ATWATER -- It's been 20 years since the city raised its water rates, and with the water enterprise fund running at a significant deficit, some city officials think it's time to tackle the issue.
Similarly, the sanitation fund is also lagging.
However, during a meeting last month, the City Council voted down a motion to form an advisory committee to jump-start possible rate increases.
During that meeting, Mayor Joan Faul made a motion to create a citizens advisory committee and initiate the Proposition 218 process to lay the groundwork for rate increases if necessary, but the action was struck down with "no" votes from Mayor Pro Tem Joe Rivero, Councilman Jeff Rivero and Councilman Gary Frago.
Faul said the idea behind the committee was to allow the community to have a say in the process.
"We're headed toward bankruptcy if we don't do something," she said before her motion was voted down.
The action was aimed at reversing a downhill slide the water and sanitation funds have been on in recent years.
The public pays fees into enterprise funds, which would ideally allow the services they provide to be self-sufficient.
But by the end of the 2009-10 fiscal year, the water fund had a loss of $1.7 million, said Glen Carrington, Atwater's finance director. That figure was the most updated number the city had available.
That operating deficit reduced the city's water enterprise fund to $9.4 million from $11.1 million for that year, he said.
The sanitation fund also has been taking a loss and has a deficit of $3.2 million and climbing. The city has been taking money from other enterprise funds to make up for the shortfall.
However, Atwater has issued a request for proposals in hopes of finding a cheaper garbage company. The 10-year garbage contract started in 2003 and expires in December.
"We have a negative operating situation in the water fund and a negative operation situation in the sanitation fund," Carrington explained.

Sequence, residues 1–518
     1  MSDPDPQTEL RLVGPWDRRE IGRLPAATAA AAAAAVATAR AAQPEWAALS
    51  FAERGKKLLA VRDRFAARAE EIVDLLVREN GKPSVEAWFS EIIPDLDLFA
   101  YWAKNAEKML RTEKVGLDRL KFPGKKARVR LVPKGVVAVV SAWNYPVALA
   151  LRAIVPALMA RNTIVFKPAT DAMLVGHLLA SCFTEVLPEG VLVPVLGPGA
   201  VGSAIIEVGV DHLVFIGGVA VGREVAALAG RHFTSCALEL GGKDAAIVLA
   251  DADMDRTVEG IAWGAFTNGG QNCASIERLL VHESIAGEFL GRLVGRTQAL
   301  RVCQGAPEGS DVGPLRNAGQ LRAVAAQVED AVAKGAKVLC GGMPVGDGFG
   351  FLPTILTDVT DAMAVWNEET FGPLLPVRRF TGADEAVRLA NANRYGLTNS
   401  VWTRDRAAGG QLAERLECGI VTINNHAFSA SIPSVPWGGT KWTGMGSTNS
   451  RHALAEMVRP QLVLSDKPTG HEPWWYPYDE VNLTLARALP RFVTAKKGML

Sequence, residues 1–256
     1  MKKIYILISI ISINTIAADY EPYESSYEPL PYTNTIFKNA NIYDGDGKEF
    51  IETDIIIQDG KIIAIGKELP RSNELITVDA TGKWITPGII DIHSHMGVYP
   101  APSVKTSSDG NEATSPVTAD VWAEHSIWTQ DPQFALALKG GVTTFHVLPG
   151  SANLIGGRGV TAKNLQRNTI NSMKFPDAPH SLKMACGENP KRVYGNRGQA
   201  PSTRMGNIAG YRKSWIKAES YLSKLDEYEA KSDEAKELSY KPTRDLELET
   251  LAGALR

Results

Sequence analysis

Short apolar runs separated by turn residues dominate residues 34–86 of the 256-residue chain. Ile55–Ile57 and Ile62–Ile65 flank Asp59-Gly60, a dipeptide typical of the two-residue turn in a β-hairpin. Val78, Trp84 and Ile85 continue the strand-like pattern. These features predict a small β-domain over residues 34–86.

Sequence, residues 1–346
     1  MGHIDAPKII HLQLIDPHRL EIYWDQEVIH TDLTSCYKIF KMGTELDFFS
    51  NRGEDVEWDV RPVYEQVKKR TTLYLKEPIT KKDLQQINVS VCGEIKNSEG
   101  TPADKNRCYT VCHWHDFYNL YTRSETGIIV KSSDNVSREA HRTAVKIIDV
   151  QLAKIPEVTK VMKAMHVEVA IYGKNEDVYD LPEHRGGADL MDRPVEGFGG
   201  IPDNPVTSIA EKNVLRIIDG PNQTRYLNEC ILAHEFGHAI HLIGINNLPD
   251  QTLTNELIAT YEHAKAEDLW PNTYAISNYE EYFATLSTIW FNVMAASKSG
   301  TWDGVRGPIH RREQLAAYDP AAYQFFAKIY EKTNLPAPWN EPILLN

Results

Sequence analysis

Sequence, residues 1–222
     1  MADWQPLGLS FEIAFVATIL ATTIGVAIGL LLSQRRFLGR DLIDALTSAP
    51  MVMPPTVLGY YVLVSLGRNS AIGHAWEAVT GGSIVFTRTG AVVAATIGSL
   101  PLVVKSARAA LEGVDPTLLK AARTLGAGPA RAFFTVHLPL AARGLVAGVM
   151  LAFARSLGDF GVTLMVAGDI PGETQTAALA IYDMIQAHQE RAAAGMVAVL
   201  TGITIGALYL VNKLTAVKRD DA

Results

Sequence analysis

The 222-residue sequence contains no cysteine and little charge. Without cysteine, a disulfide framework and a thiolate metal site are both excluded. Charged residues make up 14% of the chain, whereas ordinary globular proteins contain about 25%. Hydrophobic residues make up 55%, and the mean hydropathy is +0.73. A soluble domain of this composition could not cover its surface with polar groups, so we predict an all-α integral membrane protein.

Though the funds are whittling down, he said there's no impact to the general fund.
Costs have gone up, but rates residents pay haven't.
On average this year, residents have paid $66 for sewer, $15.49 for garbage and $27 on water meters, according to city data.
Councilman Craig Mooneyham, who voted in favor of Faul's motion during the March 26 meeting, said the situation isn't one that can be continually pushed off.
"The important thing to realize is there's a structural deficit, meaning that if nothing changes, it (the water fund) continues to lose money," he said.
Though there won't be any major impacts if the funds aren't dealt with immediately, something needs to be done before serious problems arise.
"Is our water fund going to go insolvent over the next year? No," Mooneyham said. "Will we have trouble in three to four years? Yes."
Introducing minor rate increases could be easier for residents to cope with, while implementing a large one-time increase would be more like "tearing the Band-Aid off quick," he noted.
Mooneyham wants to address both funds before the situation turns into an emergency. He added that in Atwater, commercial rates for garbage are lower than in any other surrounding community, meaning the residents are subsidizing the commercial customers.
"I'm fairly sure that a majority of the council supports raising that commercial rate to be more reflective of what neighboring communities are currently charging," he said.
The issue probably will be revisited by the council soon, but it may be hard to find support for a potentially fiery issue during an election year in Atwater.
Reporter Mike North can be reached at (209) 385-2453 or email@example.com.